(Bloomberg) -- Spanish inflation unexpectedly eased, retreating for the first time since June thanks to drops in the costs of fuel and tourism.
Consumer prices rose 3.2% from a year earlier in November, data Wednesday showed. That compares with 3.5% the previous month and defied the median estimate in a Bloomberg survey of economists for an acceleration to 3.7%.
A gauge of underlying pressures that excludes energy and fresh food fell to 4.5%, easing much more than anticipated.
The numbers, the first for this month from a major euro-zone economy, offer a glimpse into how inflation is faring with European Central Bank interest rates now on hold following an unprecedented bout of hikes.
Germany, the continent’s biggest economy, will release figures later in the day that are expected to reveal a slowdown to 2.5%. Analysts reckon price gains in the 20-nation euro area as a whole moderated to 2.7% — nearing the ECB’s 2% target. That report is due Thursday.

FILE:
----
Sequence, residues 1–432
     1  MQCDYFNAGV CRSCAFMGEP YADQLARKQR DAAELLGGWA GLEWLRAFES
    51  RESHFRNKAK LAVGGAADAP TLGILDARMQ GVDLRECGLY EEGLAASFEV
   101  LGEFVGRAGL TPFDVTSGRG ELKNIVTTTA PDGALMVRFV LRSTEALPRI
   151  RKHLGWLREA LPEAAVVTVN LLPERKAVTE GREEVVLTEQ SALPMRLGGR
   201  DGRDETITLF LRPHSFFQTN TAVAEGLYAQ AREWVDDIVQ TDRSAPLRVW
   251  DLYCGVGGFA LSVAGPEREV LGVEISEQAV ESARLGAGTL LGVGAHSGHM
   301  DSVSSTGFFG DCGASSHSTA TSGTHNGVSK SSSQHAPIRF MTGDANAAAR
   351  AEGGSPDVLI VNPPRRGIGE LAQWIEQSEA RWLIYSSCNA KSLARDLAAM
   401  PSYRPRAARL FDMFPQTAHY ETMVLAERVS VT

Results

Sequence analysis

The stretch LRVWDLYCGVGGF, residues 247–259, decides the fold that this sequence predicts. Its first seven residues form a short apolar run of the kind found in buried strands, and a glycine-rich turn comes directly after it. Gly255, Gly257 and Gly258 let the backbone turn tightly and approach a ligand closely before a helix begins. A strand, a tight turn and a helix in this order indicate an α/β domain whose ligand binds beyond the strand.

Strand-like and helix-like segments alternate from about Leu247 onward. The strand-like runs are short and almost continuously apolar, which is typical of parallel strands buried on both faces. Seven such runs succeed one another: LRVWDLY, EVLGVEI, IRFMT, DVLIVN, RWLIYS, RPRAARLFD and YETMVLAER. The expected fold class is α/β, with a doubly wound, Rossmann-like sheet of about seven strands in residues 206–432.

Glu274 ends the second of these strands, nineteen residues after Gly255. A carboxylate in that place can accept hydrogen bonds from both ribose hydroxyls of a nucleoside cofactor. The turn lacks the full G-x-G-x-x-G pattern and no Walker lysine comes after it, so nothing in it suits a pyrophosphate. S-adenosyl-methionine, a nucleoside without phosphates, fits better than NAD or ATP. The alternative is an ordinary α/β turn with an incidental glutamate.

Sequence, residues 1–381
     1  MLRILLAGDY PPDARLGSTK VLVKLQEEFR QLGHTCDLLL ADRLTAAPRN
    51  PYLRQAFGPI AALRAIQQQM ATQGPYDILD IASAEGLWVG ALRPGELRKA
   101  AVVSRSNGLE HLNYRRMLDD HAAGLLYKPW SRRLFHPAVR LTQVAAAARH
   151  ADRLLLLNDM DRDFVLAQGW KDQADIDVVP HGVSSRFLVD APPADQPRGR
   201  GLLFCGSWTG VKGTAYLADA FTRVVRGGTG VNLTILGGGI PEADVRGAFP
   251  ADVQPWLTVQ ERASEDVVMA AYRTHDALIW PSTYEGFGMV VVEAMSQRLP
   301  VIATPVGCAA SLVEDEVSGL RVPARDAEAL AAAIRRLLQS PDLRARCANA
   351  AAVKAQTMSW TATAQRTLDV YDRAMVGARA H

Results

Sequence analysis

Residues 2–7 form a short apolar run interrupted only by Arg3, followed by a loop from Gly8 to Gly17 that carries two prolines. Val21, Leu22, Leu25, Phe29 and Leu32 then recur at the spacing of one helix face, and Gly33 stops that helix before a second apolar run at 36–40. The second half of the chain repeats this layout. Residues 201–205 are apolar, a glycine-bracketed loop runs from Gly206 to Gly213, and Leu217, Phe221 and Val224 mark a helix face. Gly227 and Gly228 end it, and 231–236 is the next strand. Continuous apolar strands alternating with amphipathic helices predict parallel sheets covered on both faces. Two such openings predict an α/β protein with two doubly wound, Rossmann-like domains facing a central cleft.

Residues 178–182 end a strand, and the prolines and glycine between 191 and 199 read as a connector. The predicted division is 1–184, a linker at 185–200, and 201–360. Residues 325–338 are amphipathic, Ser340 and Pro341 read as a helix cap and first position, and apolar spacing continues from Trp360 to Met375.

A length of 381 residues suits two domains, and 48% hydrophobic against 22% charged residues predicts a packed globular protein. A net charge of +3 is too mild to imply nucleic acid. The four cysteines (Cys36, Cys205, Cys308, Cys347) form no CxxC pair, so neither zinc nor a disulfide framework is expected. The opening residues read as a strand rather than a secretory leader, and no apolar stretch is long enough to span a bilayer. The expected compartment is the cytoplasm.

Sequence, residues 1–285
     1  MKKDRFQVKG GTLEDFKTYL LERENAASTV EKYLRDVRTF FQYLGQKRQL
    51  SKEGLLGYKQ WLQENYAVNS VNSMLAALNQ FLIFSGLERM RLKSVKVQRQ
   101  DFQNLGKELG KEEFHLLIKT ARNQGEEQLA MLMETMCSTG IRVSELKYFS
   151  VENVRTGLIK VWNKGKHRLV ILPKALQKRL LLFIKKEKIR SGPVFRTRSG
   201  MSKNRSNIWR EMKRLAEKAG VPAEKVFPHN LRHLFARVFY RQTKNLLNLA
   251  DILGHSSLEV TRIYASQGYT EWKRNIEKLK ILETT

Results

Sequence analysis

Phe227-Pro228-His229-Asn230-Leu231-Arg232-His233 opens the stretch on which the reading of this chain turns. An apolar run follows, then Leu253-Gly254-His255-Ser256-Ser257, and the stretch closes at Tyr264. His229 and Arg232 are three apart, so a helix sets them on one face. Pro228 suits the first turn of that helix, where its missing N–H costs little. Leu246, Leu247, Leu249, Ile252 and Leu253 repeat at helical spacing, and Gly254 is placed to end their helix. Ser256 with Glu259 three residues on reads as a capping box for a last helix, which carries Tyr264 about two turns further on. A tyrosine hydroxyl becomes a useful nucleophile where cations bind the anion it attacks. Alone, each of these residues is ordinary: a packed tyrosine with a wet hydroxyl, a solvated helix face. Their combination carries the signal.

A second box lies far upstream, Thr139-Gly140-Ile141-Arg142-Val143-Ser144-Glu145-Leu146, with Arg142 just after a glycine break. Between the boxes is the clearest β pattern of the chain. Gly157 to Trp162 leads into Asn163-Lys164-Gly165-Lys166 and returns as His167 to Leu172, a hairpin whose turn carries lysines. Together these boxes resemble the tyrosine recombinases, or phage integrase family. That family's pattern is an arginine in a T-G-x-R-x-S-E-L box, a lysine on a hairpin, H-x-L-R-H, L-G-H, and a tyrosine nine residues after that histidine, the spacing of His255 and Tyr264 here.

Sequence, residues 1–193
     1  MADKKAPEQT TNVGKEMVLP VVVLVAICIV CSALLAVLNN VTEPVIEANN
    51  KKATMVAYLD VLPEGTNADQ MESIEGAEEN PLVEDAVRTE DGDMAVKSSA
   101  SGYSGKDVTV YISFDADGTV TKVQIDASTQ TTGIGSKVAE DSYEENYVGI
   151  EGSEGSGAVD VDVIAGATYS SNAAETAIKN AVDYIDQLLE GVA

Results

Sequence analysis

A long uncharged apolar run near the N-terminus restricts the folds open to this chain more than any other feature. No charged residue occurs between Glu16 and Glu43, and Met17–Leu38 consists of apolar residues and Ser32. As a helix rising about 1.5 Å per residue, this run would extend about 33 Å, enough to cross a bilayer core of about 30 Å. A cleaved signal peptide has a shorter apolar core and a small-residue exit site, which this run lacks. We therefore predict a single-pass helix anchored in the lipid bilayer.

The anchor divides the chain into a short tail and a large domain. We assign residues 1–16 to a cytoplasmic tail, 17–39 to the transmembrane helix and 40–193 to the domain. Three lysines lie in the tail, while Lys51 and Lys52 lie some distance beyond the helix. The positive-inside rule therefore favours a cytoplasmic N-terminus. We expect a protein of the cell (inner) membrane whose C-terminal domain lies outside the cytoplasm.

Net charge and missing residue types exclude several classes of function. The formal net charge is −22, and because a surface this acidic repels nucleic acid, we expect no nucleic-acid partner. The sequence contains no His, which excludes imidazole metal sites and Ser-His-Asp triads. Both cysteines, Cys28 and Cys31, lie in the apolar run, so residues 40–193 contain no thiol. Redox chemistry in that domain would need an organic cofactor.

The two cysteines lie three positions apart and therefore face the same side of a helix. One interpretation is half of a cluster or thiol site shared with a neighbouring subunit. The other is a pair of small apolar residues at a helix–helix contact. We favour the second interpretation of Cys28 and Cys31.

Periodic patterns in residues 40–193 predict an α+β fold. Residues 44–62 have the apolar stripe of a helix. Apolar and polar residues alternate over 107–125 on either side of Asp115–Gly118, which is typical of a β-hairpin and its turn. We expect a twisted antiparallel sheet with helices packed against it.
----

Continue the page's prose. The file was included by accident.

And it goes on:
Spain actually saw inflation drop below the ECB’s goal in the first half of 2023, though it later rebounded. That was largely down to base effects that are set to persist as the government phases out support to sooth the country’s cost-of-living crisis.
Some measures will stay around. The government announced this month that it will keep a value-added tax break on food in place until June. It also said transport will continue to be free of charge for certain groups, such as young people.
While ECB officials including Vice President Luis de Guindos have said Europe’s economy is losing steam and that there are risks of a recession, they’ve also indicated that price gains may pick up again in the short term.
That’s likely to keep interests rates where they are for some time, with policymakers also loathe to discuss when the first cuts may begin.
--With assistance from Ainhoa Goyeneche.
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